Recently, Dr. Mehmet Oz hosted an episode of his show called “Toxic Teeth,” in which he looked at the potential dangers of mercury contained in metal amalgam fillings. Dr. Oz gained fame for his association with Oprah Winfrey, who trusted his medical expertise, and since then he remains the medical guru for millions of Americans. Is Dr. Oz correct about the dangers of mercury in metal amalgam fillings?

The answer to this question is complicated and may also depend on the number and state of your fillings. This page answers the questions in general, but if you would rather talk to a dentist in Philadelphia about your metal amalgam fillings, please call 610-272-0828 or email Dental Excellence of Blue Bell to schedule an appointment with Dr. Kenneth Siegel.

Do Metal Amalgam Fillings Contain Mercury?

Yes. In fact, they more than contain it, they are 50% mercury by weight. The rest of the filling is made up of a powder of silver, copper, and tin (itself a toxic metal).

Mercury is a liquid metal, and the process of making metal amalgam fillings is like making a mud pie. The liquid mercury is mixed with the powder until it creates a shapeable paste, which is then jammed into your tooth.

The problem is that mercury, like water, evaporates, so metal fillings give off mercury vapor that you inhale on a daily basis. Mercury also migrates through your teeth and into your bloodstream.

Are Silver Mercury Fillings Harmful?

The short answer is we don’t know. The FDA and others are convinced that mercury exposure from metal amalgam fillings is not harmful. You can read the 2009 FDA statement on metal amalgam fillings to see what they recommend. The statement is largely based on a 2004 survey of research that says there is “little evidence” of the dangers posed by mercury from amalgam fillings.

However, we do know that mercury is toxic, and we know that mercury doesn’t stay in your fillings. In the 1980s, researchers gave a pregnant sheep metal amalgam fillings marked with radioactive mercury (which doesn’t occur in nature). They killed the sheep 30 days later, removed the filling and looked at the presence of radioactive mercury in the sheep’s body. They found that in 30 days the mercury had migrated to the jawbone, and was also found in significant concentrations in the liver, kidneys, and digestive tract. In fact, all the tissues in the body were exposed to mercury, including the developing fetus. An experiment with a monkey gave the same results.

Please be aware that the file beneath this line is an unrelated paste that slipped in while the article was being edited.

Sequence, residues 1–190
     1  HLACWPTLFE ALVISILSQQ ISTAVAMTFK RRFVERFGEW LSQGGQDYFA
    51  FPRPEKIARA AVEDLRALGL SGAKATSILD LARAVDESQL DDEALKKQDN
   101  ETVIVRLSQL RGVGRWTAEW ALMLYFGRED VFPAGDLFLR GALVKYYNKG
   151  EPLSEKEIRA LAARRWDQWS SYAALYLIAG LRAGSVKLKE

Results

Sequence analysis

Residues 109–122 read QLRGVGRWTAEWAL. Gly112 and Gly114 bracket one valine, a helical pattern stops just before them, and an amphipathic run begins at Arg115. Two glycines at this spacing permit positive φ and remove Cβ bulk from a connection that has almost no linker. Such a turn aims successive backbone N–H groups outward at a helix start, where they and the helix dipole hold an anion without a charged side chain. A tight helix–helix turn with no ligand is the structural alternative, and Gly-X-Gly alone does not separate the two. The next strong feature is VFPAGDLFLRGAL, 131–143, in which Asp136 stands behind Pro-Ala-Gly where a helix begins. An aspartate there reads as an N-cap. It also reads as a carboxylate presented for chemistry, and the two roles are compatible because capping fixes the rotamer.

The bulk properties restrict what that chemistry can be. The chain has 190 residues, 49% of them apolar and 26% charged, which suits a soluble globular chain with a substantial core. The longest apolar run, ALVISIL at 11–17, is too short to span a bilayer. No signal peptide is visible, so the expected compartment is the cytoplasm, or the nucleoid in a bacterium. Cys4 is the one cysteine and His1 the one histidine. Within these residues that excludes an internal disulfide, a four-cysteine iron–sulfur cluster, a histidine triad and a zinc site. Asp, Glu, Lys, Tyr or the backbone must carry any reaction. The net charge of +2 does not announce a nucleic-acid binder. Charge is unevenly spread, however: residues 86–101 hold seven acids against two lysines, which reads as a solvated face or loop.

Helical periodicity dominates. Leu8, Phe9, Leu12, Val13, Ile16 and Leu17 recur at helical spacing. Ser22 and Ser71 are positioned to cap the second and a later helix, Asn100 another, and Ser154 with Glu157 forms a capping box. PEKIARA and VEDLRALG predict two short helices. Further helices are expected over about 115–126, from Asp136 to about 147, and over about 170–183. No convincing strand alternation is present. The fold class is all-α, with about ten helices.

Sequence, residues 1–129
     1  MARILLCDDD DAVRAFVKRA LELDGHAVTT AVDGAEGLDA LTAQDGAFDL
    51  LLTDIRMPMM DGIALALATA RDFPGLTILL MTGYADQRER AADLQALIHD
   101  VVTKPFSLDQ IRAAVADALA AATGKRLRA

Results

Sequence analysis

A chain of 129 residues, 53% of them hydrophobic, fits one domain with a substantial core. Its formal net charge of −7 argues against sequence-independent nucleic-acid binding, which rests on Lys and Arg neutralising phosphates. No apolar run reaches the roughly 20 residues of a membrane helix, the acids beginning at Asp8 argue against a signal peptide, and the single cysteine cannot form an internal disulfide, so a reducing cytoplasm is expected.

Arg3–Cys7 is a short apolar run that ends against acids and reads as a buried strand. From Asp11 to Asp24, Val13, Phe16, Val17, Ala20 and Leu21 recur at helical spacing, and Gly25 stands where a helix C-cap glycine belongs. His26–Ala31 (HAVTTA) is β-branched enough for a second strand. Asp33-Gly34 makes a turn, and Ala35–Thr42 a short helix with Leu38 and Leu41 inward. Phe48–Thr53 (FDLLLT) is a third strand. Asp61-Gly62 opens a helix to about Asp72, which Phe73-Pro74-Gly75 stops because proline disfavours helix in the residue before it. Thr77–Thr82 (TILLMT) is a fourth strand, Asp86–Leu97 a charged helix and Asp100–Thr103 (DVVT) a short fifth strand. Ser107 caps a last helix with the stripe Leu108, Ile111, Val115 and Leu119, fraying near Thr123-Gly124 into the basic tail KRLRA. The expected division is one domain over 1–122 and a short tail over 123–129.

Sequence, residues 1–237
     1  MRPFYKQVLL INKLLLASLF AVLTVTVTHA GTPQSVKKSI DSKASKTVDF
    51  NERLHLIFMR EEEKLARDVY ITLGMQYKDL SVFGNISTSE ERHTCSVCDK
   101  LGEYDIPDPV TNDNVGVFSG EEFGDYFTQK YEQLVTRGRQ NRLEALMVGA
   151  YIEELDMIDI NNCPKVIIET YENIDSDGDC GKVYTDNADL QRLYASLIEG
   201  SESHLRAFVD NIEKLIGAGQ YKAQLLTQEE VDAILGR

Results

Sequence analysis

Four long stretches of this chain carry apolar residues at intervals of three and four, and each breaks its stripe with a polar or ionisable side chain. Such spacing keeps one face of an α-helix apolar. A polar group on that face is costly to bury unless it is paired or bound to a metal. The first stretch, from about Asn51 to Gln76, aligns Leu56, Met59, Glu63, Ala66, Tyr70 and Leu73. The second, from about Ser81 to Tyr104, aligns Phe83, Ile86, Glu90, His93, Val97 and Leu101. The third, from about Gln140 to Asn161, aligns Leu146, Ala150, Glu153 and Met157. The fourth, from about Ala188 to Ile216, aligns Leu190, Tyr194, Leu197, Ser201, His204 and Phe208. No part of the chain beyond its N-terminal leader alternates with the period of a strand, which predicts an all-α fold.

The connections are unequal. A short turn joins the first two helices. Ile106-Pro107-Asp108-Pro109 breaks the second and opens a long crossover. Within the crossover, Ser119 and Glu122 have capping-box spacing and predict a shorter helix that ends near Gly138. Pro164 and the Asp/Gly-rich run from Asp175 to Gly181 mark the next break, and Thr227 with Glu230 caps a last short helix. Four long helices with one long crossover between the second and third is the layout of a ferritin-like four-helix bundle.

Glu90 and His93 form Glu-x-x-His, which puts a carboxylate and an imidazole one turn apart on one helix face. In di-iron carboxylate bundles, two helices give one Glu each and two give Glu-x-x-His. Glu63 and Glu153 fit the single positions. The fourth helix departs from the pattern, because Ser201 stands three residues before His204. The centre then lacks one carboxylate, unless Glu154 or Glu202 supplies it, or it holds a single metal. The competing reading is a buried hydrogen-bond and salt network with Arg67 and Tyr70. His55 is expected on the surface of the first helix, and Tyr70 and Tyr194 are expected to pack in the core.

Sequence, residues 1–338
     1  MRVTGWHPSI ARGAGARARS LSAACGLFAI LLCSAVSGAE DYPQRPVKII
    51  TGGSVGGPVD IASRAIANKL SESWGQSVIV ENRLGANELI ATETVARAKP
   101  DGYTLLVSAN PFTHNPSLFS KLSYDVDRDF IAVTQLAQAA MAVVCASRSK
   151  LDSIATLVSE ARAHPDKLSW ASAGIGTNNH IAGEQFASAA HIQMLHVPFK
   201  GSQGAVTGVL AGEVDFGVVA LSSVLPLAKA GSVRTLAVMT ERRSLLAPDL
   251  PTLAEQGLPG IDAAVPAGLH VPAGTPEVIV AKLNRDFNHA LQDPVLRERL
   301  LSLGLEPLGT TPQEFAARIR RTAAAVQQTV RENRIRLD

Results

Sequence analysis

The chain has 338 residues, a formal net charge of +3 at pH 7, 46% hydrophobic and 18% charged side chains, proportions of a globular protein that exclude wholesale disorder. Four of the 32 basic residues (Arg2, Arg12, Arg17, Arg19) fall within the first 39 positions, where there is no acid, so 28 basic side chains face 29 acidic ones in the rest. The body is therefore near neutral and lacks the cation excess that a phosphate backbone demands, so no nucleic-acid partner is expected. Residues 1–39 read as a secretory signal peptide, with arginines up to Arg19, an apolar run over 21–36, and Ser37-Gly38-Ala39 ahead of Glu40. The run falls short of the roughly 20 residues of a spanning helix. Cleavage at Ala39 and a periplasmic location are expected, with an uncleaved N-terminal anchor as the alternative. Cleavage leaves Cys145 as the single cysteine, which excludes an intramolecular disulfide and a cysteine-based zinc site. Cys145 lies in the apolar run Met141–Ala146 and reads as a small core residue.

The amount of mercury exposure a person receives from dental fillings depends on the number of surfaces of metal amalgam they have. Two different studies in the 1990s estimated the number of fillings necessary to create a harmful exposure. One study estimated that a person would need to have 450 fillings to receive a toxic exposure. Another study concluded that adults might receive toxic exposure from as few as 2 metal amalgam fillings. More recent analysis suggests that the number of surfaces that can lead to toxic exposure is 6 for children, 8 for adults and older teens.

Again, the FDA has concluded that metal amalgam fillings are safe. Other regulatory agencies are not so sure. Germany, Austria, and Canada have said metal amalgam fillings should not be used on children and high-risk populations. Sweden and Denmark have banned all mercury-containing substances, including dental amalgam.

The Environmental Effects of Mercury in Dental Amalgam

We may not know whether dental amalgam is harmful to people, but we do know it is harmful to the environment, and may result in as much or more harmful exposure indirectly as it does directly.

The use of metal amalgam fillings in dentistry created 40 to 50 tons of mercury a year during the early 2000s. How dangerous is this amount of mercury? An annual deposition of only 12.5 micrograms per year can contaminate a square meter of fresh water lake and make the fish in the lake too toxic to eat. Forty tons of mercury is equal to 36,287,389—36 million grams!—enough mercury to contaminate almost three trillion square meters of fresh water, or more than 700 million acres, the equivalent of 25 times the surface area of Lake Michigan and Lake Huron combined.

Clearly, the potential environmental impact of dental amalgam fillings is huge, and is a major reason why they are being banned in other countries. It is also why we should move away from using them.

Mercury-Free Fillings at our Philadelphia Dental Office

At Dental Excellence of Blue Bell, Dr. Kenneth Siegel uses only tooth-colored fillings, including both ceramic fillings and composite plastic ones. These are not only safer for our patients and the environment, they are more attractive and more functional.

If you are concerned about mercury fillings and want to either remove mercury fillings or get new fillings at a mercurcy-free practice in Philadelphia, please call us at 610-272-0828 or contact Dental Excellence of Blue Bell today for an appointment.